Cartesianism - Research Article from Encyclopedia of Philosophy

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Physics and Derivative Sciences

Holland: Regius and Clauberg

Regius

Of special note is Descartes's sometime friend and disciple Henry de Roy, or Regius (1598–1679), professor of medicine at the University of Utrecht, who typified Cartesian scientists in following the master more or less closely in physics and the derivative sciences while departing from his views in metaphysics. His Fundamenta Physices (Amsterdam, 1646), which appeared two years after the Principles, recapitulated the physics of Parts II, III, and IV, to which were added views from the earlier Meteors and Dioptric and also from unpublished work. Regius's physics, unlike Descartes's in the Principles, was not represented as derived from metaphysical principles. Moreover, in the concluding chapter on man, adverting to issues concerning the soul, he presented views to which Descartes could only take exception. In the preface to the French translation of the Principles (1647), Descartes disowned both the physics and the metaphysics...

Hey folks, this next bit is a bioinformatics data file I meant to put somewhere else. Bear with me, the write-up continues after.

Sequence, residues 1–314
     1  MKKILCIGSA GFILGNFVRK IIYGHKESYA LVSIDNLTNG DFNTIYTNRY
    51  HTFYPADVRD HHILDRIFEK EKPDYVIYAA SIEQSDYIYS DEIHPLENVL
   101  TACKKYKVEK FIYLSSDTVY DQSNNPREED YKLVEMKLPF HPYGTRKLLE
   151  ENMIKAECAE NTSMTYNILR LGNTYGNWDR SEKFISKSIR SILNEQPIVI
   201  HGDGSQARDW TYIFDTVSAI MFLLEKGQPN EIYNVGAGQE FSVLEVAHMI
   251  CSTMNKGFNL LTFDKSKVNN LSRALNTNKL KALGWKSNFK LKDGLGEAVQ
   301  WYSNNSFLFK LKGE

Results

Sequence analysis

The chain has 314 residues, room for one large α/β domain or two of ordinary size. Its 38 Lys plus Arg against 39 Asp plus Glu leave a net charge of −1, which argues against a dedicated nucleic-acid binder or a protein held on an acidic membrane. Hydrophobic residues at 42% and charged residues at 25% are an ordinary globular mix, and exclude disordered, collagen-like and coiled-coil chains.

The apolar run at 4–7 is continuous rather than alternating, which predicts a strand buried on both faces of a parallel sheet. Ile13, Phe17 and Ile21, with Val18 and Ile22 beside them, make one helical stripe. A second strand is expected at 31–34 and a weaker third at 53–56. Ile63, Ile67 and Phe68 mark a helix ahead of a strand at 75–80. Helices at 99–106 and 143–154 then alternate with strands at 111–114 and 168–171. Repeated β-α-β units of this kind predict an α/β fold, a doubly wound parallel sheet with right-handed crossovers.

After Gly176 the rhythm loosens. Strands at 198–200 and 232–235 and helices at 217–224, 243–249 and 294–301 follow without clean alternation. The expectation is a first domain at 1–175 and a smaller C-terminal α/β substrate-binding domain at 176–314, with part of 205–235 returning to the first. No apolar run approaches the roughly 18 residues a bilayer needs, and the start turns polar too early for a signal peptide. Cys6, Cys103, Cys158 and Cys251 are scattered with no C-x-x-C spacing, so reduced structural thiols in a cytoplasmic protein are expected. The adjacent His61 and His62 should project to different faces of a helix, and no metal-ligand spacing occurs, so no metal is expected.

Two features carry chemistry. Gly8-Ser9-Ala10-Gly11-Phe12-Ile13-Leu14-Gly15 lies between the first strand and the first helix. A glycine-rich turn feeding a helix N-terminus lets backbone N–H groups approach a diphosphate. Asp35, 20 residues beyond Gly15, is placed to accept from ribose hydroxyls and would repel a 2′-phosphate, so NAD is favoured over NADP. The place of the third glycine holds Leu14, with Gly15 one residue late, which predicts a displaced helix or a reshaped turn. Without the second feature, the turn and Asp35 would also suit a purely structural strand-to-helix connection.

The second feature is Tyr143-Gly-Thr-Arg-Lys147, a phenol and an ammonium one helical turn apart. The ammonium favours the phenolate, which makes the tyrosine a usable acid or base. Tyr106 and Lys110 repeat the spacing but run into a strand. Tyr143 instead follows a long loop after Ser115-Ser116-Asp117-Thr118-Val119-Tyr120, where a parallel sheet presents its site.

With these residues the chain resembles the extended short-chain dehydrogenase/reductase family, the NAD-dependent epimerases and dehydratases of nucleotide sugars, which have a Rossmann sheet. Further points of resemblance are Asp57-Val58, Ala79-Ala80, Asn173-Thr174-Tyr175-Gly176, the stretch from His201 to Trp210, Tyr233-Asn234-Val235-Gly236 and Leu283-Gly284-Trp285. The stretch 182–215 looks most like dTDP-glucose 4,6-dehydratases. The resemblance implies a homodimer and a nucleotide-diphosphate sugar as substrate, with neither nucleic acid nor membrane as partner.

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This section contains 5,237 words
(approx. 18 pages at 300 words per page)
Buy the Cartesianism Encyclopedia Article
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Cartesianism from Encyclopedia of Philosophy. Copyright © 2001-2006 by Macmillan Reference USA, an imprint of the Gale Group. All rights reserved.
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